Having spent the breeding season on Walcheren in the Netherlands, European Turtle Dove Jos has crossed Belgium and France, and is now taking a pit stop just south of Valladolid, Spain. This region's Turtle Dove hunting season ended yesterday, on the 20th September 2020.

His nail-biting journey will lead him south, across the Mediterranean Sea and the Sahara, to the Sahel belt of Africa (map from English Turtle Dove 'Titan'). Jos will face obstacles such as hunting season, poor weather, habitat loss in rest areas, and sheer exhaustion.

Jos is the first Turtle Dove in the Netherlands to be equipped with a satellite transmitter, allowing us to follow his progress on this incredible journey. It will give us insight into his migration route, and where and when he stops for breaks, ultimately supporting us as we strive to protect his species.

Join us! Follow Jos’ journey on:

This research is in partnership with BirdLife Netherlands and SOVON, with financial support from BirdLife International, BirdLife Netherlands and Het Zeeuwse Landschap.

For more information about our research, visit

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Although some European Turtle Doves have already left their breeding grounds, the rest are still fattening themselves up for their long journey to Africa. This fattening-up period is essential if they hope to survive their migration, and harvested grain and seed fields are some of the best places they forage.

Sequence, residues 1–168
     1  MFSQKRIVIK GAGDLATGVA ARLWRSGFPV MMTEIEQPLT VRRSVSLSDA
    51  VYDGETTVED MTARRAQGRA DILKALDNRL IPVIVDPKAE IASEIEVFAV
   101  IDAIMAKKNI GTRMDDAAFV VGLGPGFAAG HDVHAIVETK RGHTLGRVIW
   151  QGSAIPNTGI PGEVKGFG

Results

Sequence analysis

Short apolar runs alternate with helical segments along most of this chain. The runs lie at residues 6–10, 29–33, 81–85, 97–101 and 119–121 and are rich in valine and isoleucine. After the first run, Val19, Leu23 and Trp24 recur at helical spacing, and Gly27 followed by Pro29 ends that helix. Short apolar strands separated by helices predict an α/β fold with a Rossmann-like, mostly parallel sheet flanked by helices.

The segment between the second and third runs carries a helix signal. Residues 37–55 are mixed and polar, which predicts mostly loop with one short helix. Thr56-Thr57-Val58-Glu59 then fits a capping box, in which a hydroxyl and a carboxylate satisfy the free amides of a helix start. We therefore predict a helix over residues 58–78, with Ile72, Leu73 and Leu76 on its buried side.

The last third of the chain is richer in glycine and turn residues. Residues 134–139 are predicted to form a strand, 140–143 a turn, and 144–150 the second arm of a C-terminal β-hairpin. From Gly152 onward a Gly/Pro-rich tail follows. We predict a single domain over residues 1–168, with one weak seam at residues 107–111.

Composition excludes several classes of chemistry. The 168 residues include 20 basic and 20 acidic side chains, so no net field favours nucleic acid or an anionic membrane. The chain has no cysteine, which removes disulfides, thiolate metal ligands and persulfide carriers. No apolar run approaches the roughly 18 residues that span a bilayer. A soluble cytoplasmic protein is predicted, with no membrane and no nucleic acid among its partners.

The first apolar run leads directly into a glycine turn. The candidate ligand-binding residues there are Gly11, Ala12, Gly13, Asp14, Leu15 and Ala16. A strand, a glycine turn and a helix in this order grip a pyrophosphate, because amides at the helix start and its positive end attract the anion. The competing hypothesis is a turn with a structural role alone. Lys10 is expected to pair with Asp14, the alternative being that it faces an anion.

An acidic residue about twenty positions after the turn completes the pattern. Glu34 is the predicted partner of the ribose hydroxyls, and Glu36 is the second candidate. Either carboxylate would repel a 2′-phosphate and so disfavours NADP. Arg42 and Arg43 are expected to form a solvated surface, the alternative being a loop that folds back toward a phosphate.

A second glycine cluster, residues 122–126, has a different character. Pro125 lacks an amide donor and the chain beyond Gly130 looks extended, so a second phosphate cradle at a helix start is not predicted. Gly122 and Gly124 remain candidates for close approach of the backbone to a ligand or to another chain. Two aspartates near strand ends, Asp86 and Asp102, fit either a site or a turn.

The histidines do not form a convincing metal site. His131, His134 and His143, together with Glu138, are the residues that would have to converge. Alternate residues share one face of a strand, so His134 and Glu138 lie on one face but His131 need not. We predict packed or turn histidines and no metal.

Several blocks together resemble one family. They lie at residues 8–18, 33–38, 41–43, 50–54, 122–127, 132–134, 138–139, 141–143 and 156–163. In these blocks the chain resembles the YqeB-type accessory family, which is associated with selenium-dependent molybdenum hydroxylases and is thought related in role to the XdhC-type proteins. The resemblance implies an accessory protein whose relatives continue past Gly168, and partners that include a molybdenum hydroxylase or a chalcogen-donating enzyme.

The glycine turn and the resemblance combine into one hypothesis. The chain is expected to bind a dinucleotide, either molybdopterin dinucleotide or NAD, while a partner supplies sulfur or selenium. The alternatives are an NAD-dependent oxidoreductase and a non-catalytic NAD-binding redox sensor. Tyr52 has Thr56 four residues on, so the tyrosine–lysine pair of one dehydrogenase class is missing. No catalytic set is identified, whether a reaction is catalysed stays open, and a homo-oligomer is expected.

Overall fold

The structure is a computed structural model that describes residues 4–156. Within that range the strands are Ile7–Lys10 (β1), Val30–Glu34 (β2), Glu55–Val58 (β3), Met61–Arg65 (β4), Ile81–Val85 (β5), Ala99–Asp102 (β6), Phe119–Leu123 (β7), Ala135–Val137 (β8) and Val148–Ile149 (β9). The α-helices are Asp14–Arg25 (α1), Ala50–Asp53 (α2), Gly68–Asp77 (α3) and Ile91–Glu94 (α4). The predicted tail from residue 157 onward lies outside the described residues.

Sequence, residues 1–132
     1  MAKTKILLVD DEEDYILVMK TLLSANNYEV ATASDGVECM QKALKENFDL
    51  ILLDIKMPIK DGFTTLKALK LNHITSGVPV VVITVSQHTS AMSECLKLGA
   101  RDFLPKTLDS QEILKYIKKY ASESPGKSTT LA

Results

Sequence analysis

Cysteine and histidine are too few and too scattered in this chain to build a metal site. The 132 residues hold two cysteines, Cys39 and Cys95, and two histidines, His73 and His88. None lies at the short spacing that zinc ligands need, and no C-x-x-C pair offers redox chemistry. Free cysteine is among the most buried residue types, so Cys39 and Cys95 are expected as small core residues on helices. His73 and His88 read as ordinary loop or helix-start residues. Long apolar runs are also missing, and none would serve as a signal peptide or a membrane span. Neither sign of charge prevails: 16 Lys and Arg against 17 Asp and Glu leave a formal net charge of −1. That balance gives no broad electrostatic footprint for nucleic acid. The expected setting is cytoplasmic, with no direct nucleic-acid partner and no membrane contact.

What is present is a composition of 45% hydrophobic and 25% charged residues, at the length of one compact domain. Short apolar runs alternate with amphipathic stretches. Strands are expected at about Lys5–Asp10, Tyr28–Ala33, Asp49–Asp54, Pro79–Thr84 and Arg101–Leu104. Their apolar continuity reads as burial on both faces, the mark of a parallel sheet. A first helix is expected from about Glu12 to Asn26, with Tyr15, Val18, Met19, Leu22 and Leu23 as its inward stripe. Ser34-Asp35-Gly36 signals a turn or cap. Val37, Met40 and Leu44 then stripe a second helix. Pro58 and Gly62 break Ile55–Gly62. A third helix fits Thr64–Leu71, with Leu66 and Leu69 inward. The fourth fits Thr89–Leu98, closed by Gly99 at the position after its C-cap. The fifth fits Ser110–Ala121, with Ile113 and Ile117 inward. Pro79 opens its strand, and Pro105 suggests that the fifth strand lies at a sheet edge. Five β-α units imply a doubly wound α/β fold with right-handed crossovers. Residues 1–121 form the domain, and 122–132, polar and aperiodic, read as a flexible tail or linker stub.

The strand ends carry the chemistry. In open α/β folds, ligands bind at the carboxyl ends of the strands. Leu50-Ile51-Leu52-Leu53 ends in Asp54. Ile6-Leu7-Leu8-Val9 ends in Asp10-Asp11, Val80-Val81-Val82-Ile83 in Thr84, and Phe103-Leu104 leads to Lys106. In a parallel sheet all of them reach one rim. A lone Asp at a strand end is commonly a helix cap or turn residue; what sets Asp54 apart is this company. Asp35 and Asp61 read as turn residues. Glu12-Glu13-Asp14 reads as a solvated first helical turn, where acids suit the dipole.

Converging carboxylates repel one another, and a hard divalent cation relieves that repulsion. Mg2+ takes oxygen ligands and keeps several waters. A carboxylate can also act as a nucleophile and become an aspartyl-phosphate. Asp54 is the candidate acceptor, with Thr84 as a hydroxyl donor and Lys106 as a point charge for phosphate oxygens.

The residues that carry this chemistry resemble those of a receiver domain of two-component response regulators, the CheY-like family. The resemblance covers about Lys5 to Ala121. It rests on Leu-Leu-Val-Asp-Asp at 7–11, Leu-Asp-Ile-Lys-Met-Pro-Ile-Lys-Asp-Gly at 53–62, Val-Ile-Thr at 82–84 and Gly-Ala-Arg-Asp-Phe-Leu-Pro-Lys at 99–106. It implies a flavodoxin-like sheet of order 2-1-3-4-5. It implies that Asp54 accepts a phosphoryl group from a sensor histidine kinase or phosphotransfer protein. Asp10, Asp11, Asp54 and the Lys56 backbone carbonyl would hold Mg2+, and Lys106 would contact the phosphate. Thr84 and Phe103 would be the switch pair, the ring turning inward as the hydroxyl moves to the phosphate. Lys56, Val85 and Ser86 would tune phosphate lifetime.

Here in the Netherlands, Jos and Bram are still looking for food. We followed Bram's GPS tag to a field where poppyseed was grown this year. While we didn't spot Bram, there were 5 other Turtle Doves foraging here - not something you see every day. What's more, these doves were a mix young and adult birds.

What makes this field so attractive? After harvesting the poppies, the stubble has been left. This means that any seed that escaped harvest is simply lying on the ground and available to the birds. For Turtle Doves, who are exclusively seed eaters, this is a fantastic source of energy. Bram has visited this field for several hours, every day since mid-August. Poppyseed must be particularly tasty: Henk, one of our doves in 2019, also spent a great deal of time on the only poppyseed field available in the area!

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After recording some suspicious behaviour from Bram's GPS-tracker, we have found him sitting on a second nest!

This nest is much less accessible than his first, making it difficult to photograph and check how far along the nest is. So far, we have confirmed at least 1 chick, that's approximately 13 days old. This means Bram must have started the second nest in early August, days after his first nest was found empty. While we don't know what this means for the fate of his first 2 chicks, it is great to see him having a second nest this breeding season.

Research has shown that the Turtle Dove breeding season is much shorter than it was back in the 1960s. Bram and his partner are therefore part of an elite group: only 5% of the Turtle Dove population starts a nest in August.

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